The Theatreguide.London Review
Barbican Theatre Winter 2018-2019
Almost sixty years ago director Franco Zeffirelli and the Royal Shakespeare Company taught us the secret to Romeo And Juliet – no more middle-aged actors pretending to be teenagers. Cast a young couple who convey the excitement and confusion of first love, and all the rest falls into place.
For this RSC production director Erica Whyman has done just that, and everything that matters about the play is successfully there.
Bally Gill's Romeo has a thoroughly engaging mix of adolescent awkwardness and inspired flights of poetry, while Karen Fishwick's Juliet grows up before our – and her own – eyes, frequently surprising herself with her depth of feeling and insight.
Fishwick makes more of the scene in which Juliet is torn by her conflicting feelings about Tybalt's death and Romeo's banishment than any other actress I've ever seen, but she is still able to convey a believable hint of teenage poutiness in her rebellion against her father.
There is more to Erica Whyman's concept and staging of the play, almost none of it as effective as she thinks, though none really getting in Shakespeare's way either.
In a programme note she makes much of her decision to change Mercutio and a few minor figures into female characters.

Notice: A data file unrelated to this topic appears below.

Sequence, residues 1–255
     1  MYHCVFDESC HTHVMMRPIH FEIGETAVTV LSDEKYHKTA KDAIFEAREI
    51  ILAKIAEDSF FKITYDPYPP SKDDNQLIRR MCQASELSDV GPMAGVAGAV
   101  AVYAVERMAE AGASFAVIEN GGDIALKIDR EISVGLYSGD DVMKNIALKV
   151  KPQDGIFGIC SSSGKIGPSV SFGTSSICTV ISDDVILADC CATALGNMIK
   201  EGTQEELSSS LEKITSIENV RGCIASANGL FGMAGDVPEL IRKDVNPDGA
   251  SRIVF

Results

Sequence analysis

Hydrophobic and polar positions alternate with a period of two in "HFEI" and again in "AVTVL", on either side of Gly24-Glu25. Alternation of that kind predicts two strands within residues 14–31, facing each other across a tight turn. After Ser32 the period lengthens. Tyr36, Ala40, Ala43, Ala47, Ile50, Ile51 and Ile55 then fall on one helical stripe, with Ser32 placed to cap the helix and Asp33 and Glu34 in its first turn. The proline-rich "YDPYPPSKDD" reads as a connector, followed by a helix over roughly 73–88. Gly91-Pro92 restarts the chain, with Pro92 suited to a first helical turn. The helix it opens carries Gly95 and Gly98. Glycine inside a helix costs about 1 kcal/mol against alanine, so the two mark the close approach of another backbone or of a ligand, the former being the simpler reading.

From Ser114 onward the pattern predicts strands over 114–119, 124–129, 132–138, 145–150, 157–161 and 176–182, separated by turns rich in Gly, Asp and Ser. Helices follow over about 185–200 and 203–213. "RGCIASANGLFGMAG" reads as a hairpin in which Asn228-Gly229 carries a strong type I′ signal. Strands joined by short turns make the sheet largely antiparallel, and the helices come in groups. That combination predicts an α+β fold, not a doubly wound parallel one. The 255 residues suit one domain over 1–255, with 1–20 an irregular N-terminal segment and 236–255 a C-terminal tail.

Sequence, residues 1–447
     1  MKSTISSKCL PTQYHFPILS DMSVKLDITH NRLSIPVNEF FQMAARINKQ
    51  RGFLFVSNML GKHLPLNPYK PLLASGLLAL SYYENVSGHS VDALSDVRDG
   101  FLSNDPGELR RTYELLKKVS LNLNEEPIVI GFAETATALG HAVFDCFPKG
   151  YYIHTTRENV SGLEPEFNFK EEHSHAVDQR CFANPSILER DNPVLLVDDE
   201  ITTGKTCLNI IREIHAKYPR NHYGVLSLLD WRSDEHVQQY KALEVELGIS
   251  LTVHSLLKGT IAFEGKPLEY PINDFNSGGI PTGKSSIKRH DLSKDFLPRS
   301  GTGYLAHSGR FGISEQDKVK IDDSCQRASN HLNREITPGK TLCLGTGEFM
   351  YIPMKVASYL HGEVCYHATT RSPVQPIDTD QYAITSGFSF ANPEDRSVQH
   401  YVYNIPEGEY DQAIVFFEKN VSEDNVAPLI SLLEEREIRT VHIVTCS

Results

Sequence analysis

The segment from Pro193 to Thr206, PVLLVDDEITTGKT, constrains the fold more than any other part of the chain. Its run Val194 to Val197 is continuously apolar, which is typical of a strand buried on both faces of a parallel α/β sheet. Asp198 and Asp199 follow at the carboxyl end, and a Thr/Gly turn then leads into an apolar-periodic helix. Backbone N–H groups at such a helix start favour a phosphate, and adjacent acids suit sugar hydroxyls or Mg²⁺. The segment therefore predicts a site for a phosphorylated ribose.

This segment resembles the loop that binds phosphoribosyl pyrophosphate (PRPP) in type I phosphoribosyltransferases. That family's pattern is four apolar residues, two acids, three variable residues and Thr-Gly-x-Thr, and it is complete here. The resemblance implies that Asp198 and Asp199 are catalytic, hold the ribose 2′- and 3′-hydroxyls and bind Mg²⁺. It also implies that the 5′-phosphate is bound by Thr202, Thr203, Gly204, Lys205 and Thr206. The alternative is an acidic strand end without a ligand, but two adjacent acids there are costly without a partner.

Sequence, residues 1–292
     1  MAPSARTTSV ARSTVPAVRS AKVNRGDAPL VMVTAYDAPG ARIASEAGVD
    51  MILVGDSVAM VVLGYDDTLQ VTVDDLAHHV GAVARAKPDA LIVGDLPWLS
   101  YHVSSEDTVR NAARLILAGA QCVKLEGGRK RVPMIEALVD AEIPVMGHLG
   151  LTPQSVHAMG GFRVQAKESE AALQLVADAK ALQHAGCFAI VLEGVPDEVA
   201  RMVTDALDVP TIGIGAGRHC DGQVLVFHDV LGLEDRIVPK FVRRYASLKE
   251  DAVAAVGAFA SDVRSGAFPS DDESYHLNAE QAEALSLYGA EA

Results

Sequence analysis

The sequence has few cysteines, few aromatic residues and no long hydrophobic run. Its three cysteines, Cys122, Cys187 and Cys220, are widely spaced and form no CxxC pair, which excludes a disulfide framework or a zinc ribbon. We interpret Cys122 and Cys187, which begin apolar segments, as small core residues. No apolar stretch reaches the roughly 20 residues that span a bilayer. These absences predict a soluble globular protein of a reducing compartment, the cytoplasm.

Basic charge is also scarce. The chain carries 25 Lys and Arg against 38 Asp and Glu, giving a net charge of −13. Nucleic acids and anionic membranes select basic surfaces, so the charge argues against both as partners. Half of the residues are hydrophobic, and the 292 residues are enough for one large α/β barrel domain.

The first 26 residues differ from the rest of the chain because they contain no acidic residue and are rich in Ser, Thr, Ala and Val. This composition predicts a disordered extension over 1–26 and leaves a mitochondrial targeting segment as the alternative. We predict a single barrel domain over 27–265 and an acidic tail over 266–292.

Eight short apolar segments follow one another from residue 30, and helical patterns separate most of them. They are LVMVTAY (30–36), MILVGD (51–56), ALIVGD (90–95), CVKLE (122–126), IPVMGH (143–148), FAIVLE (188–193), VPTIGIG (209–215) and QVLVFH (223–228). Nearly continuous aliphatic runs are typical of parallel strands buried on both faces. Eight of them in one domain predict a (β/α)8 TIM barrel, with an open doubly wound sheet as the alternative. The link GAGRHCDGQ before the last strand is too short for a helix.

Actress Charlotte Josephine plays Mercutio as the sort of spiky tomboy who hangs around with the guys (and who, in a typical rom-com, would put on a dress in the final scene and prove to be sweet and feminine). But the gender change really adds nothing to the character or the play.
Nor does director Whyman's conviction that in a modern dress production – in a silly moment the Capulet ball is turned into a rave – all the knife fighting will resonate toward the current real-world epidemic of teenage knife crime.
Few in the secondary cast really register. Andrew French's Friar has an attractive masculine power to back up his moral force – he's the sort of clergyman who would coach the football team in his spare time.
But Ishia Bennison's northern housewife Nurse has too little depth or earthy humour, and the essential emotional bond between her and Juliet isn't there.
Just keep your attention on the central couple, and this Romeo And Juliet will deliver.
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